Alright, we’re back at it with the Giant Trance X. This time, we’re on the special edition build kit with RockShox Flight Attendant. So part bike review, part Flight Attendant review, and hopefully 100% entertaining and informative.
If you’re new here, go back and read the original Giant Trance X review. That’s going to lay the groundwork for this entire article. I’m only going to go over high-level stuff here as well as how Flight Attendant affects the ride quality of the bike. Also, go read the Fox Live Valve article because we’ll be comparing the two today.
Giant Trance X Advanced Pro 29 SE
Really quick numbers before we take off. The Giant Trance X is a mid-travel trail bike with 135mm of rear travel and 150mm up front. It has 2 29” wheels and a trail/all-mountain components spec. In the case of the SE, it has a Lyrik Ultimate to handle fork duties and a Super Deluxe Ultimate for the rear. Both of these are equipped with RockShox’s automatic suspension controller, Flight Attendant. Of course, the bike comes with a Sram XO1/GX AXS drivetrain and, to my satisfaction, TRP Trail Evo brakes. The wheels and cockpit are Giant carbon house brand. All-in-all, it offers a hell of a value at $8,500. I can’t believe those words just came out of my mouth but considering it’s got all the bells and whistles and that the average retail price for any other Flight Attendant-equipped rig is over $11k, Giant has done a great job here.
The Trance X is one of those bikes that blurs the lines between a trail and an all-mountain bike. It pedals like a rocket ship and has a very fun, lively quality to it. In fact, the number one word I used to describe it in the original review was “boingy.” That holds true today, especially with the Flight Attendant system. I couldn’t get over how poppy and playful the Trance was on my test rides. It’s not the kind of bike you’ll want for pushing the pace on the roughest descents, but it’s a plenty capable bike for most trail riding. It rewards an active riding style by offering quick handling and a suspension platform that supports pumping and jumping efforts nicely. It corners with the best of them, long enough for some mid-corner stability but not so long that it feels like a school bus. It strikes a nice balance on most fronts to offer a versatile ride that certainly doesn’t sacrifice on climbing performance or handling characteristics.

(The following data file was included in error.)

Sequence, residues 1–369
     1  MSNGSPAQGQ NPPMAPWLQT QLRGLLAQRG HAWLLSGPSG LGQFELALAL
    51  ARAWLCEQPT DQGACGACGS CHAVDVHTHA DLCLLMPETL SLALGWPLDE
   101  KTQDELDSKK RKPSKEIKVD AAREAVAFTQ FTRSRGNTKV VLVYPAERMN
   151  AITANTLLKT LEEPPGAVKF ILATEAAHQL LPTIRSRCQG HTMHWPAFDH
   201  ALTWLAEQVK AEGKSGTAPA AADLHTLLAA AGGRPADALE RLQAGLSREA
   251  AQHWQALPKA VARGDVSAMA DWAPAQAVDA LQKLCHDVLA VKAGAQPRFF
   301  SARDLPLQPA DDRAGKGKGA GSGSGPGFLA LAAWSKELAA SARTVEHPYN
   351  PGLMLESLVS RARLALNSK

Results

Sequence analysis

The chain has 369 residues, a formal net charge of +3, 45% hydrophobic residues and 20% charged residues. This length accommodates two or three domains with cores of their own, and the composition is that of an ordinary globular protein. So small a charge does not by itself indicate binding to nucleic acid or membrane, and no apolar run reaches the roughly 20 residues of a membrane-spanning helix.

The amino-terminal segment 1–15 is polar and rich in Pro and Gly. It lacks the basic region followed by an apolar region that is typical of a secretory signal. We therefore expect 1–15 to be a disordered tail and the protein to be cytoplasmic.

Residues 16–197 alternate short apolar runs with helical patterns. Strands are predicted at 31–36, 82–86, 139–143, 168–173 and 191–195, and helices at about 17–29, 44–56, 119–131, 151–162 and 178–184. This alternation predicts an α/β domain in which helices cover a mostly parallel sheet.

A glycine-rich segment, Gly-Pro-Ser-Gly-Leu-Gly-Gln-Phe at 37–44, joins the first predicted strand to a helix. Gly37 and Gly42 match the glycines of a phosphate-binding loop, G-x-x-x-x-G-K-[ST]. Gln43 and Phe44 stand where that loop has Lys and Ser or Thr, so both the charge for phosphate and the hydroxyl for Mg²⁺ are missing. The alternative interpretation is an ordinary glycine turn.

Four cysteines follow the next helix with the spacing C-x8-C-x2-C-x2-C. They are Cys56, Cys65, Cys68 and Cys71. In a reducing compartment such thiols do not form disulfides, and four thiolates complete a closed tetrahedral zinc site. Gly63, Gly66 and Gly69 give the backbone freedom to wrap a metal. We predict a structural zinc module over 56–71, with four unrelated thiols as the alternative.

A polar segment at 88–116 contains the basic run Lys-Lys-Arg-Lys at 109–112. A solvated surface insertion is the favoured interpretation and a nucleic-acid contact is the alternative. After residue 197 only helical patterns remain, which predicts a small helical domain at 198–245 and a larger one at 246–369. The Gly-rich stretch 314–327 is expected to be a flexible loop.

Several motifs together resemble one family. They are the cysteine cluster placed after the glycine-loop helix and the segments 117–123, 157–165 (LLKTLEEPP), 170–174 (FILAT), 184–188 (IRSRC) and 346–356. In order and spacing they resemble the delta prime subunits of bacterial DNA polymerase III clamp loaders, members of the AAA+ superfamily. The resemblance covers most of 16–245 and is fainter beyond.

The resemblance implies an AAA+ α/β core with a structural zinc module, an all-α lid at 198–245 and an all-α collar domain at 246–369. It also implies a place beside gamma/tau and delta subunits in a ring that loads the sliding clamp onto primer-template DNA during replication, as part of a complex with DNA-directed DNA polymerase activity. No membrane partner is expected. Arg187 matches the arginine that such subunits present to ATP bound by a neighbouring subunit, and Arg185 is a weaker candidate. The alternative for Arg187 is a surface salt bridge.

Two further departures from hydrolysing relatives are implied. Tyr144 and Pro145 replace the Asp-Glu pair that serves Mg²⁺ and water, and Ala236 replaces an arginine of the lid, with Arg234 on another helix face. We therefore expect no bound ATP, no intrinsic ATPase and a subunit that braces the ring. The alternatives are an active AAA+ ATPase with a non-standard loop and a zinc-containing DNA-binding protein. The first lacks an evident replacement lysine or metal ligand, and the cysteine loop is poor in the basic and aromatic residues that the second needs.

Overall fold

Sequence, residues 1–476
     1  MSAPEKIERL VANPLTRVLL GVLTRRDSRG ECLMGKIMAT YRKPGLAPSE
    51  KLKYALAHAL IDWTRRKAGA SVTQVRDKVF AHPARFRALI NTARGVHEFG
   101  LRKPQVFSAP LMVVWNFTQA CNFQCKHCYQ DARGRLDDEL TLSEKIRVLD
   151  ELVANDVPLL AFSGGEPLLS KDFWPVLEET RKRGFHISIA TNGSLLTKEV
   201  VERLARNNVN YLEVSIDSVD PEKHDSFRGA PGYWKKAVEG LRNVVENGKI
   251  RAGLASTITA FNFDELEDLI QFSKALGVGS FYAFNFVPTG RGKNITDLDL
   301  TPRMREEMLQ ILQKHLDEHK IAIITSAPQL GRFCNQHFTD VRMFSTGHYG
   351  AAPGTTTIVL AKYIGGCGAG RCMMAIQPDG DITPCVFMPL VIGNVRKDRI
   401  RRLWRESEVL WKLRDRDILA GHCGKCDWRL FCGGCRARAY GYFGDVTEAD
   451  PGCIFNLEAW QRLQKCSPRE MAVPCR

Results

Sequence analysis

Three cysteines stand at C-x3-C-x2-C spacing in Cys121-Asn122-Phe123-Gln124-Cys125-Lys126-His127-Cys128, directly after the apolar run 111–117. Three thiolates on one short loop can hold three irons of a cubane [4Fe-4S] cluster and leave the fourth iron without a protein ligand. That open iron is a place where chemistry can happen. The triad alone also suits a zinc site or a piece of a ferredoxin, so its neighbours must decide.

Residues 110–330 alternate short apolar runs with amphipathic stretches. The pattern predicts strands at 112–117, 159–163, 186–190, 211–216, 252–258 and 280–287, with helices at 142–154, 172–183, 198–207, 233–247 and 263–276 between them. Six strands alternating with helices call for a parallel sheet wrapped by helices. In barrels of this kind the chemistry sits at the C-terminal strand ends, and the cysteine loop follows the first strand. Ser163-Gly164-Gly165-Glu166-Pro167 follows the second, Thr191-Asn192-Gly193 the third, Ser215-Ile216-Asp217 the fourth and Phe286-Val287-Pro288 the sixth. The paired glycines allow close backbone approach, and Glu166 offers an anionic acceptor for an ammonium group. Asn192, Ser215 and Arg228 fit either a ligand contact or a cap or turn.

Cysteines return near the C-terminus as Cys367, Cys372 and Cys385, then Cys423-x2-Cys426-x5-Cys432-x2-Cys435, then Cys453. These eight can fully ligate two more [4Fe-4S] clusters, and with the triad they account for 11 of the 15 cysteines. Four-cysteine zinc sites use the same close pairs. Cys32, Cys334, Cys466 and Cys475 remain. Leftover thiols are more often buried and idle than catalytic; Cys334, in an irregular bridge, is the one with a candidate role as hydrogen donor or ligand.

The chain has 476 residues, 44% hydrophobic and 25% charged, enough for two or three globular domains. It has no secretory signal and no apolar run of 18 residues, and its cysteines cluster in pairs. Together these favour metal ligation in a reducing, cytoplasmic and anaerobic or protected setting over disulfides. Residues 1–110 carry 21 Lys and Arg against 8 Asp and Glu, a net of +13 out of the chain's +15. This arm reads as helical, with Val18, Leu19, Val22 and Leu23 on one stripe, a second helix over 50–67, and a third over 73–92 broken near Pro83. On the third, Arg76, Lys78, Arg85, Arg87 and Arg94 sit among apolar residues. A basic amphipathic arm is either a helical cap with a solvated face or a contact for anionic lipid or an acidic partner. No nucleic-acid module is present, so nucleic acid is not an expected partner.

RockShox Flight Attendant Overview
We’ll start with a brief overview of Flight Attendant before we dig into the nitty-gritty here. Flight Attendant is an electronic suspension controller that makes compression adjustments on the fly based on feedback from various sensors on the bike. Basically, it’s an automatic lockout switch that detects what’s happening on the trail and bike to make adjustments to your suspension. The idea is that you’re able to increase efficiency and improve the riding position on mid to long-travel trail bikes. At the moment, it’s not really designed with XC bikes in mind, as it’s not offered stock or available as an aftermarket upgrade for any bikes with less than 130mm of travel. There are multiple sensors on the bike, including inclinometers, accelerometers, and pedal sensors. All of these work in conjunction to help the system decide whether to remain open (default position) or firm up the compression to offer a better pedaling platform and riding position. The idea is great in theory, but how does it perform out on the trail? Let’s get into it.
Flight Attendant Review
I’m pretty happy it’s worked out that every time I’ve ridden electronically controlled suspension, it’s been on a Giant Trance X. It removes one more variable and helps highlight the pros and cons between Fox Live Valve and Rockshox Flight Attendant. As with when I rode Live Valve, my criteria are the following: I want the bike to feel more efficient and have better body positioning on the climbs without the system interfering with how the bike feels on the descents. On the flat/rolling bits of trail, I want something in the middle.
We’ll start this section with Flight Attendant setup. I was able to set the bike up fairly easily using the Sram app, although I had a couple of struggles. I’ll qualify this by saying I’m the world’s worst millennial, and I’m pretty bad at technology. I only recently learned how to merge two calls into one on my iPhone. There are a lot of sensors and parts you need to sync with FA, but once you’ve accomplished that, everything else goes smoothly. The calibration process was very easy. After the initial setup, there was very little to fiddle with. It probably took me about 20 minutes in the parking lot before my first ride.